A Tennessee psychiatrist was accused of smacking her patients with whips and riding crops and also comparing them to mules, media reports said. Dr. Valerie Louise Augustus, who runs Christian Psychiatrist Services in Memphis, had hit at least 10 patients on the buttocks in 2015, according to investigation documents.

She also had the riding crop — a thin whip normally used to strike horses — “displayed in her office,” the Tennessean reported, adding she used the whip on a patient who had a history of physical abuse. According to reports, this patient was suffering from depression at the time and had suicidal thoughts in 2015.

Investigation documents added she “made contact with other mental health patients with a riding crop, whip or other object.”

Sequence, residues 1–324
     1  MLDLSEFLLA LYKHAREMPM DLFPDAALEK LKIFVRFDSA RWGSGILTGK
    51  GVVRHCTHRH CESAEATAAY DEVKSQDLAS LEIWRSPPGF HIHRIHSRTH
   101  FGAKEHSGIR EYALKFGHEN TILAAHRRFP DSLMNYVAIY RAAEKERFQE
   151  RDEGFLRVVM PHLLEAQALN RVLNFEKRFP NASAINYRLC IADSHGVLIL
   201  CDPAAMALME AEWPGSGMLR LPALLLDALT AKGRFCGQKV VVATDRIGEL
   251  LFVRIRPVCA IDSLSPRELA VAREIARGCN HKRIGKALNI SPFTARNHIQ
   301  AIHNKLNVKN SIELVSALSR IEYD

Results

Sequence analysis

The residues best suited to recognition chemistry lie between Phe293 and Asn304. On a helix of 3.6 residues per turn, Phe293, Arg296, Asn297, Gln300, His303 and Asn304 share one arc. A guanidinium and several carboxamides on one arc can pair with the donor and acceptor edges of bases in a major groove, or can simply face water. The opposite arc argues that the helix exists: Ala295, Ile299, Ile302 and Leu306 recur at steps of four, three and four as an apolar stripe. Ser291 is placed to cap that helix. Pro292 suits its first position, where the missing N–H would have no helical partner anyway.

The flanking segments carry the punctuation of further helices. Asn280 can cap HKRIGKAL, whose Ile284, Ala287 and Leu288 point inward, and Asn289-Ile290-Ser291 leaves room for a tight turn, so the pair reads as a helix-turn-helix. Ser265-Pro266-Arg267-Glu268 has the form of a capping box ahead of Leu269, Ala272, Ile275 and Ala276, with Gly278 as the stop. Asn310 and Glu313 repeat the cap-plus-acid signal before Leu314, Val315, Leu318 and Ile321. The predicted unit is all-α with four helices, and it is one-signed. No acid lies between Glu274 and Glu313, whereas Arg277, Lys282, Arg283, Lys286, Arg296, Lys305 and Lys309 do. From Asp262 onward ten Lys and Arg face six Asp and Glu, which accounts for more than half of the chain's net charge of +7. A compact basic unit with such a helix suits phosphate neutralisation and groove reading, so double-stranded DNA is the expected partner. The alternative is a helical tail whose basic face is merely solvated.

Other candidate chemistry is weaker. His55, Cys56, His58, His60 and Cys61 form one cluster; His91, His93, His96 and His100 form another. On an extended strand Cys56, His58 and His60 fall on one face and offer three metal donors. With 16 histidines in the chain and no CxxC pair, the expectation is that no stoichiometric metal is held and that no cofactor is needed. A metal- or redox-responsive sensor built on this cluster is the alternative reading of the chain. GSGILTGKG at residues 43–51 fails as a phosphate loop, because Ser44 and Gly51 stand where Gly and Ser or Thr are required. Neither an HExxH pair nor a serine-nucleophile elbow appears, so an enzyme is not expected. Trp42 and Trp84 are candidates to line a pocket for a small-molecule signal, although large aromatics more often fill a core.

Memphis health department said there was no evidence in any psychiatric literature to support the use of whipping patients for treatment.

The state investigation also found Augustus used the riding crops and whips as a “desire to exert dominance over her female patients and her inability to accept personal responsibility,” according to NBC-affiliated television station WMC. 

The Tennessee Board of Medical Examiners suspended Augustus license for no less than 60 days, starting in June. To get her license back, Augustus will be required to take a two-day class on “medical ethics, boundaries and professionalism” and be cleared by the Vanderbilt Comprehensive Assessment Program. 

If Augustus is cleared, she will have to petition to have her license restored, then work under a three-year probationary term. 

The doctor was also fined $10,000 for her actions, $1,000 per patient she struck.

“I'm very shocked. I never would have expected it. I see her out working in her yard. She seems like a very peaceful person,” Augustus' neighbor Kaye Borgognoni reportedly said.

According to the website of Augustus' services, she takes a holistic approach to mental health.

“Dr. Augustus emphasizes a healthy diet and regular physical activity, while optionally integrating her spiritual beliefs and principles into each patient's healing process,” the website reads.